How to create a Computing Laboratory (!)

Quite apart from everything else going on (IBM 360-67 exhibitions, Sir Robert McAlpine gutting and rebuilding Claremont Tower, Thompsons of Prudhoe removing every last shred of asbestos…) I am continuing to “consolidate the Collection”.

When not swanning off on holiday, or sitting in the garden reading (which as any fule kno, is what every retired person does, most of the time), I visit the Collection twice a week, the goals being (a) to keep an anxious eye on it while the builders are in and (b), the greater goal, to ensure that we know exactly what we have, by checking  Roger’s database against the actual artefacts.

Goal B is now almost complete, after two years  ( I will be delighted to tell you how it has taken two years).  Of the 400+ items in Roger’s database, all but a score or so have now been accounted for.  (Meanwhile I’d guess that possibly another 200 have filtered into the Collection since we started this project, and Roger himself had an unknown number of other artefacts;  NONE of these are yet catalogued.)

I have at last been able to start going through the heaps of miscellaneous documents (as opposed to objects) which pack out Roger’s old office. I’m pleased to say that I tracked down another six “missing” artefacts today, and photographed many others for the database.

The piles are very miscellaneous: an old catalogue, a pamphlet from a local nature reserve, computer printouts, handbooks, technical papers, hand-written jottings about power-demands, an obituary, hardware specifications, a shopping list … all in the same pile (his office is extremely small: heaps are the natural storage method).

The heap I was going through today contained what I can confidently proclaim is the oldest document in our collection: an architect’s drawing of No.1 Kensington Terrace, dated 1951. This building (recently converted to — guess what! — student accommodation) was where the Computing Laboratory was first located, in the early 50s: possibly this drawing was used as a basis for planning how space was to be used. We have no idea who gave it to Roger, or when, and — like many, many of the documents in his office — it has not been catalogued. There were other interesting documents in that particular part of the pile: I include them here for your amusement — a relief from bits of computing hardware 🙂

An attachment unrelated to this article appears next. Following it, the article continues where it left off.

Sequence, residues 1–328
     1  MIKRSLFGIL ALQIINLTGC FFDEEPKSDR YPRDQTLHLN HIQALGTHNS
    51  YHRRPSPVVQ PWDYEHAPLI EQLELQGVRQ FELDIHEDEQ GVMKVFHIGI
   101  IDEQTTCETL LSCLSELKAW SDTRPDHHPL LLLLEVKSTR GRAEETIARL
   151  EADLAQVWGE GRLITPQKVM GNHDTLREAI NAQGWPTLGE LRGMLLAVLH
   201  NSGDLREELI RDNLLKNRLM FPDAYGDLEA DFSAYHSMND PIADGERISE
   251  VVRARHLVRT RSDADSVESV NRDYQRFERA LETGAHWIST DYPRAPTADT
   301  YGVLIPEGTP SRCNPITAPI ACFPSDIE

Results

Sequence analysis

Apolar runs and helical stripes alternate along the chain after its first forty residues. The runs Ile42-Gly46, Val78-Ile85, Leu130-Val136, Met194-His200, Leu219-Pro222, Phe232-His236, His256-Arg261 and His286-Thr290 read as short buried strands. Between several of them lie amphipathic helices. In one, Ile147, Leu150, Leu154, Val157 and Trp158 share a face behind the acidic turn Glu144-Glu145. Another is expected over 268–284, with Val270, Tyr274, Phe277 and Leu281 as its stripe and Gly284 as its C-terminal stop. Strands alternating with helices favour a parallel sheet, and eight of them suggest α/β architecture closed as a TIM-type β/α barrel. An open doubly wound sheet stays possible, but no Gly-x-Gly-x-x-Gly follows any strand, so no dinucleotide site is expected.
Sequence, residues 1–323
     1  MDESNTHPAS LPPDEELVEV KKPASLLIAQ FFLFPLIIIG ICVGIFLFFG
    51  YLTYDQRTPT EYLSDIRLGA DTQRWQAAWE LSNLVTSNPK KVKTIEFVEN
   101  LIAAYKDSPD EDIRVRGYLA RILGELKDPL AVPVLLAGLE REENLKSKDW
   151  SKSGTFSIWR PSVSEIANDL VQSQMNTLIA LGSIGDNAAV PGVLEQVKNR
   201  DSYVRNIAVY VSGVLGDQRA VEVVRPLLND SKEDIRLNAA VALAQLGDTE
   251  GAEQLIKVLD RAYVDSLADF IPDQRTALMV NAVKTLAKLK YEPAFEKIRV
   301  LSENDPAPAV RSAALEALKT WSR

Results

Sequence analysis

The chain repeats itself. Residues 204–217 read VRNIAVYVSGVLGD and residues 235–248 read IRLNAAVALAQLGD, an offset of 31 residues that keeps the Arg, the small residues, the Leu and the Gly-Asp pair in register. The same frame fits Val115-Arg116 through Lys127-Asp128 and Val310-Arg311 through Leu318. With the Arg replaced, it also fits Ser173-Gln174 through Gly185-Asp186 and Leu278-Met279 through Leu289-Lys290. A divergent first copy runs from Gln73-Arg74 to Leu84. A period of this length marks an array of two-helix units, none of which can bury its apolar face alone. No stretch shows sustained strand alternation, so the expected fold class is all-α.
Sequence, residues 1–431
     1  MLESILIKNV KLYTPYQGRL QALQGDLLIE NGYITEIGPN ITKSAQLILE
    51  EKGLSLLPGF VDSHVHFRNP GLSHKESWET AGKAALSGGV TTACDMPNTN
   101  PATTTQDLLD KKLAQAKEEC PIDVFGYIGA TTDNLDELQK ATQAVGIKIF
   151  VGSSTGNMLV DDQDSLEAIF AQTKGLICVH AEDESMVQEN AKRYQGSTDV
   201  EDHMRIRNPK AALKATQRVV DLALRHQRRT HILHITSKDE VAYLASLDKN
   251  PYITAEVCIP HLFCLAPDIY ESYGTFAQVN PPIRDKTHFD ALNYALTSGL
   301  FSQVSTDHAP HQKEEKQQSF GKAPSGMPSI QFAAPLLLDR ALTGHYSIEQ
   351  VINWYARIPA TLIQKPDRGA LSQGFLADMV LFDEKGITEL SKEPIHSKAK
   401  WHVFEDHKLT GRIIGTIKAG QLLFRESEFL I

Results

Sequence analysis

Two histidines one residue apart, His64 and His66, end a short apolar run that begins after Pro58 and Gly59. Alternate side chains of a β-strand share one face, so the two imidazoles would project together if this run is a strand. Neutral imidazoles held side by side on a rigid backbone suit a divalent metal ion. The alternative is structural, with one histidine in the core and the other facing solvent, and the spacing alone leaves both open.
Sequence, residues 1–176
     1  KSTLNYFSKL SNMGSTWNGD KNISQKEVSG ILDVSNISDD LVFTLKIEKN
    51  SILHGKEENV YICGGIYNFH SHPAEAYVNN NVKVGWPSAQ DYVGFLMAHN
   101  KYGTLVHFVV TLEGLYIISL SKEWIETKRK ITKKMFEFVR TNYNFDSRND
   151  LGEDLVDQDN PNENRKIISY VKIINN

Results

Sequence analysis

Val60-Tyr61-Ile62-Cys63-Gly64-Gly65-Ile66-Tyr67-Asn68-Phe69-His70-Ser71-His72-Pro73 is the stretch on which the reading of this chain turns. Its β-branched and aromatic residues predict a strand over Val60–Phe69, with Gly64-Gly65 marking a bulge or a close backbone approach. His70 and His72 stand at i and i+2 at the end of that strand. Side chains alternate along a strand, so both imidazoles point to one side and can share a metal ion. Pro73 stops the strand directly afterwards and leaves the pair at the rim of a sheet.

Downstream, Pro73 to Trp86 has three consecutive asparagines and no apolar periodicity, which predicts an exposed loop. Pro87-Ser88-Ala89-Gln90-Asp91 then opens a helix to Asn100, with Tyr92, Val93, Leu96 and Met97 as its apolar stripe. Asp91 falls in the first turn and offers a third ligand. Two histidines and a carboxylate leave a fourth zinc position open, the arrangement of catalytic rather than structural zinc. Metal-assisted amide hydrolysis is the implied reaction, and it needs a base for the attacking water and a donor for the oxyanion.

“No. 1 Kensington Terrace”. In the small inset you can see how the Great North Road went past Sydenham Terrace (demolished for the Central Motorway).

“Furniture required for University Computing Laboratory”.

You moan about the FANGs monitoring your activities? In those far-off days (1958, here), you had to account for every phone call that was made, and pay for if it was personal. ALL of this was typed out; on a piece of paper, by one of the office staff.   How busy, and yet how relaxed and unhurried life was then! Now you’ve got your own phone!  And look at the life you lead! 😀

… but only 12 years later, the office staff had the use of custom-made logging pads like this: progress. See next.

A typical page from 1971. I see someone (EB) called the Brazilian Embassy; that was Ella Barrett, the much-respected (feared?) Departmental Administrator. Elizabeth Barraclough is always EDB .. and I see that she called Edinburgh Regional Computing Centre (who had use of our IBM 360/67 — a condition of our getting it).
Another thrilling aspect of this artefact (I am not boring you, I am sure) is that on February 17 1971, the UK changed from £sd to decimal, and this book soon changes its notation (and its adding up – try it yourself on this page) to that system.



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About nmoca

Most entries in this blog from 'nmoca' will be entered by John Law (ex-member of staff of University Computing Service, and a voluntary curator of the Collection). 'nmoca' is the ID assigned to the voluntary group looking after the Roger Broughton Historical Computing Collection; there are half a dozen of us.

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